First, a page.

Friday, July 24, 2009
first of all, i love books with pictures. seriously, some of my favorite books ever are graphic novels, particularly when they're not novels at all, but memoirs (including fun home, persepolis, and maus, just to name a few). i had the opportunity to read nicole chaison's (illustrated/illuminated/graphic) book recently, and even to be kind of an official reviewer of it, with a reviewer's copy dropped off at my house by book fairies and everything. i don't know nicole well,* but our paths have crossed on a very regular and friendly basis over the past seven or eight years, and i've always had the sense that we were leading - if not parallel lives - similar and compatible ones (just one example of this is the time we spent simultaneously in the world of kids' scottish highland dancing. not a huge world, at least not in portland, maine. i've seen her dance at ceilidhs with her kids, and she's seen me, goofily, do the same). also, back when we had our book store, nicole would bring in her hand-drawn zine (hausfrau), which i'd stack tidily on the shelf next to the east village inky. and then i'd borrow myself copies of both to read and savor. more recently, she drove past me with her head out the window of her car, yelling, "hi liz! i'm reading infinite jest!!!" and i thought, "i like her."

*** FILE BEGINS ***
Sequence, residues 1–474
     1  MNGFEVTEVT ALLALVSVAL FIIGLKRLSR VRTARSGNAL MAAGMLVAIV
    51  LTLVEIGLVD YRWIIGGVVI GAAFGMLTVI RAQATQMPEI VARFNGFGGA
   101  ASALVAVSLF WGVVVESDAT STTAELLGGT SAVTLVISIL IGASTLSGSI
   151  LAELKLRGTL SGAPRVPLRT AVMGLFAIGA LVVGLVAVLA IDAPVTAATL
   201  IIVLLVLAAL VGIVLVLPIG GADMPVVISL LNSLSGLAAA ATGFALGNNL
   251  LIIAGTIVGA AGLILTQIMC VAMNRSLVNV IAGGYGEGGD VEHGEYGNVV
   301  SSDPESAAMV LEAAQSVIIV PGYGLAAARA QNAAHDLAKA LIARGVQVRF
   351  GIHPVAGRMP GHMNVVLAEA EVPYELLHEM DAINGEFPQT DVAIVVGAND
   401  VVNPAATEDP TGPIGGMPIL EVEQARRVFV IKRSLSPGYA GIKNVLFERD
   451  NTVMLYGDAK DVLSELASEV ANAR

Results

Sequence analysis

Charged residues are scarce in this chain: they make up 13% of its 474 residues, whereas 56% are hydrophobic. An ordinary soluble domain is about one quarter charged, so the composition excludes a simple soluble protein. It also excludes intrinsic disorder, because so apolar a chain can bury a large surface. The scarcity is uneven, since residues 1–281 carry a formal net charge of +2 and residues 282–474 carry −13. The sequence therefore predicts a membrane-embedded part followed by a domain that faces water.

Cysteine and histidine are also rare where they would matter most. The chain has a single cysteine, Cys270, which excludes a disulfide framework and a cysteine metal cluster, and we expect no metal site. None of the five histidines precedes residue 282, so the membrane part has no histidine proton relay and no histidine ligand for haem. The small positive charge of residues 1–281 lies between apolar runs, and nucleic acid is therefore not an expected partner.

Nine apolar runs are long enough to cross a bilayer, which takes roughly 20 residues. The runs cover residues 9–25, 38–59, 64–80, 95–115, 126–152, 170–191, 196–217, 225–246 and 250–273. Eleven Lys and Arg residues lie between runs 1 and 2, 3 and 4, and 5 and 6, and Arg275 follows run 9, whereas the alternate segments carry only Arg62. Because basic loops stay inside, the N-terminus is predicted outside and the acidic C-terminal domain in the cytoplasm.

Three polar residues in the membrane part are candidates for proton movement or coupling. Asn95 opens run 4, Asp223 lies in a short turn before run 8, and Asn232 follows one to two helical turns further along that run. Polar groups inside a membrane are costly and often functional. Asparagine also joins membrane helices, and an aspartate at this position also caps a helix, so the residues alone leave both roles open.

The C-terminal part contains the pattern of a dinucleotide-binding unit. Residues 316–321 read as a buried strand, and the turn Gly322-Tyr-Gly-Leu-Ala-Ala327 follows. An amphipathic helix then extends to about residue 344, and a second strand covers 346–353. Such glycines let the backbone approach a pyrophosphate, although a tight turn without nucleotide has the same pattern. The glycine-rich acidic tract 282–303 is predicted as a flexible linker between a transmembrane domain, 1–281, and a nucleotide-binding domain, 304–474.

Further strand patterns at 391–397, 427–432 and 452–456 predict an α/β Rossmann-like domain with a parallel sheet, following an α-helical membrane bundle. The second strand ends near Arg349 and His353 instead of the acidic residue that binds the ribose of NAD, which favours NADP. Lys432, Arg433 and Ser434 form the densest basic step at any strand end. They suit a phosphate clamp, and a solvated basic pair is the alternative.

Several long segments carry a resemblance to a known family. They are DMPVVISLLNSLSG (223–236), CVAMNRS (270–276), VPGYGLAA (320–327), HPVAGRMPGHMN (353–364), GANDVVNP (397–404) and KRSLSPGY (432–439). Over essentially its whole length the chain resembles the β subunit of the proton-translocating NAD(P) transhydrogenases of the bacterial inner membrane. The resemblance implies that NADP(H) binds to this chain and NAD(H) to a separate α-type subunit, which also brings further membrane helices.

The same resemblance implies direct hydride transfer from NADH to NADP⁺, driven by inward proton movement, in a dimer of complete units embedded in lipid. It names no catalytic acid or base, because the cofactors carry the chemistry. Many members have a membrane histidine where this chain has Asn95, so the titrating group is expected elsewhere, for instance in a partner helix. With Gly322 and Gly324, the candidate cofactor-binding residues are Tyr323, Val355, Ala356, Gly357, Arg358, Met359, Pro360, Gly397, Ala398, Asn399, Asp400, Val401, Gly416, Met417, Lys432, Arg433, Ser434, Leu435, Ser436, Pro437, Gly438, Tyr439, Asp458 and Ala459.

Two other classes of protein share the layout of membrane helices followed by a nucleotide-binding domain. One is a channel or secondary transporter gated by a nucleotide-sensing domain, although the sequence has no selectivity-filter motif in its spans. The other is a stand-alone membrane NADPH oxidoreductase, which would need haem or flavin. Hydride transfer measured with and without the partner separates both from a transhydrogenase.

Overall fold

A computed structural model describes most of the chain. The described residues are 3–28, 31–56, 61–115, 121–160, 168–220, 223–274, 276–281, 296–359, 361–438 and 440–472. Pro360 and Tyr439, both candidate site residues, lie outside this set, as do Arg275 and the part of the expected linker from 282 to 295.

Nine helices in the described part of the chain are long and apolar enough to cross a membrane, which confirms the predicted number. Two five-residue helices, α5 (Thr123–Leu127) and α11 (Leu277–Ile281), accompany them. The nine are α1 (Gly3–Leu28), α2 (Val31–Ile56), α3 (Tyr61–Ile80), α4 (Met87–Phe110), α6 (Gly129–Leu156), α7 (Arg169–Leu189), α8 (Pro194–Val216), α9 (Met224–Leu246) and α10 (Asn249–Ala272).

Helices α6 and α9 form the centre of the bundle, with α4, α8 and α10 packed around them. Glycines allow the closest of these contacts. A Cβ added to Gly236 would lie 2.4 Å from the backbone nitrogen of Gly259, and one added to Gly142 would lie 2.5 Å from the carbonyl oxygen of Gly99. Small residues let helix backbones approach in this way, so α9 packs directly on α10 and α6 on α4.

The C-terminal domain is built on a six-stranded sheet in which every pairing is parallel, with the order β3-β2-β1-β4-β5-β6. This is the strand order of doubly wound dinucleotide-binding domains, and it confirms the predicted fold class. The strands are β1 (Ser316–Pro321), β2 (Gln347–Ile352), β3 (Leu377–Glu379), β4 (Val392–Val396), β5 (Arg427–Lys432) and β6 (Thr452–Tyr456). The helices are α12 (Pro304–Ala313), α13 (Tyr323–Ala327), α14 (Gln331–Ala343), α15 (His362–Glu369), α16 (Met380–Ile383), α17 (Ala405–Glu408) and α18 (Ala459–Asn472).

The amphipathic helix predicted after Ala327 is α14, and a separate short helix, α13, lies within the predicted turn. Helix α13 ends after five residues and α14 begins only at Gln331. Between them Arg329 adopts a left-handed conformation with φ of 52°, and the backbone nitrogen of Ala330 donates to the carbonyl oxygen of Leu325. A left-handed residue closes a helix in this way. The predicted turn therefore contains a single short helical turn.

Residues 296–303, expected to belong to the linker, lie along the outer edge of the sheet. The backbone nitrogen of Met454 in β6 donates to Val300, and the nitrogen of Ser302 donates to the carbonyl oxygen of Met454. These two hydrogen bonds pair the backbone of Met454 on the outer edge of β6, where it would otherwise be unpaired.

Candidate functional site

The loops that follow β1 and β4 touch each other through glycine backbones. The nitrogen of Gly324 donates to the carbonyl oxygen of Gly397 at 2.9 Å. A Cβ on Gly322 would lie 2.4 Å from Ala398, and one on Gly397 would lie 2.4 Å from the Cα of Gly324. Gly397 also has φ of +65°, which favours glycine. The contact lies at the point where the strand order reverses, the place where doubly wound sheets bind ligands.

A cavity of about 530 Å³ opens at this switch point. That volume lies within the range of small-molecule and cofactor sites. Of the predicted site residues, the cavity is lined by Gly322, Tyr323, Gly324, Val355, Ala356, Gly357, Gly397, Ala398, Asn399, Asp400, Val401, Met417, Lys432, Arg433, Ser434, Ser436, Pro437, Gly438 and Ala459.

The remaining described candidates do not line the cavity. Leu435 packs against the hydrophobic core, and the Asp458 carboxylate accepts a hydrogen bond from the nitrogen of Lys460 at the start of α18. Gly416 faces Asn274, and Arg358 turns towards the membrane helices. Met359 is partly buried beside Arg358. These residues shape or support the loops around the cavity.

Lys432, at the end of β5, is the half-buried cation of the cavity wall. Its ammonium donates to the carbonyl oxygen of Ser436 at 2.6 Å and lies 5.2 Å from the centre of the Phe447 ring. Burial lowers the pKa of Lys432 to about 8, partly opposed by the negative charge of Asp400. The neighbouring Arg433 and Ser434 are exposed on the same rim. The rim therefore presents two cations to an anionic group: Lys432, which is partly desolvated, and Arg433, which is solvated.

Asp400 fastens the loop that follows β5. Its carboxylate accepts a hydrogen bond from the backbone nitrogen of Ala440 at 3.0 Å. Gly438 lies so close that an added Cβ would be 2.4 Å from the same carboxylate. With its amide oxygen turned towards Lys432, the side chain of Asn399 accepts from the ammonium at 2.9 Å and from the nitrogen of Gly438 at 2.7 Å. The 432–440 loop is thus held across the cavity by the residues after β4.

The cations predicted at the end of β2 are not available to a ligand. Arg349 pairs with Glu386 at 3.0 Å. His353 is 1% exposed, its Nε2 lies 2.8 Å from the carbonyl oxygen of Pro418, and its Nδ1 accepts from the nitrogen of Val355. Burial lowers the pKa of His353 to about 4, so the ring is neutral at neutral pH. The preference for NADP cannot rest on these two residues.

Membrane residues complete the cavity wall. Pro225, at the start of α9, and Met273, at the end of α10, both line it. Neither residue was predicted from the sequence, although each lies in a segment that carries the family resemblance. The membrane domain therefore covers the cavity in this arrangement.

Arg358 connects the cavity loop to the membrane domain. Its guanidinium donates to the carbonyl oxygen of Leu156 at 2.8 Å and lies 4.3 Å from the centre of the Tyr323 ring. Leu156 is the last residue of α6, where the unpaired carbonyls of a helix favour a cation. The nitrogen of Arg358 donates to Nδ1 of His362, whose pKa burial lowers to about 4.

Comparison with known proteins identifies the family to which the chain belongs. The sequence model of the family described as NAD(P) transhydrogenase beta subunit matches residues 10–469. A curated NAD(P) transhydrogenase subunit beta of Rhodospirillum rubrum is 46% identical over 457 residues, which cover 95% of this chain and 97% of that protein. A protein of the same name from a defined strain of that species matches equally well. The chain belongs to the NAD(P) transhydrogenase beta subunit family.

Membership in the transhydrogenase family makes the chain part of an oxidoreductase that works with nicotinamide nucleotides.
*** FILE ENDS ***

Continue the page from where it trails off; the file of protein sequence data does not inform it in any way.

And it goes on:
well, let me tell you, this hausfrau can write. her book was pure pleasure - funny, beautifully written, and honest. i have a low tolerance for cute stories about other people's kids, but that's not what nicole does in this book, despite the fact that it's about being a mom of young children (and they seem, actually, like pretty great kids. and by "great" i mean strong-willed, eccentric, smart, impossible at times, and suddenly sweet at others). she is brave enough to show herself as confused, mixed-up, stanky-breathed, flabby, and all those other wonderful things that real women really are, and i kind of love her for it. i really can't imagine anyone who's been through the experience of becoming a mother, mothering, and growing a family who wouldn't find this book somehow both poignant and hysterically funny. i'm guessing there are even plenty of people who haven't experienced it who would also love it.
*okay, the weirdest thing about reading the passion of the hausfrau is that i feel like i owe nicole a long letter filled with lots of stories about myself, because now it feels like i've known her for years...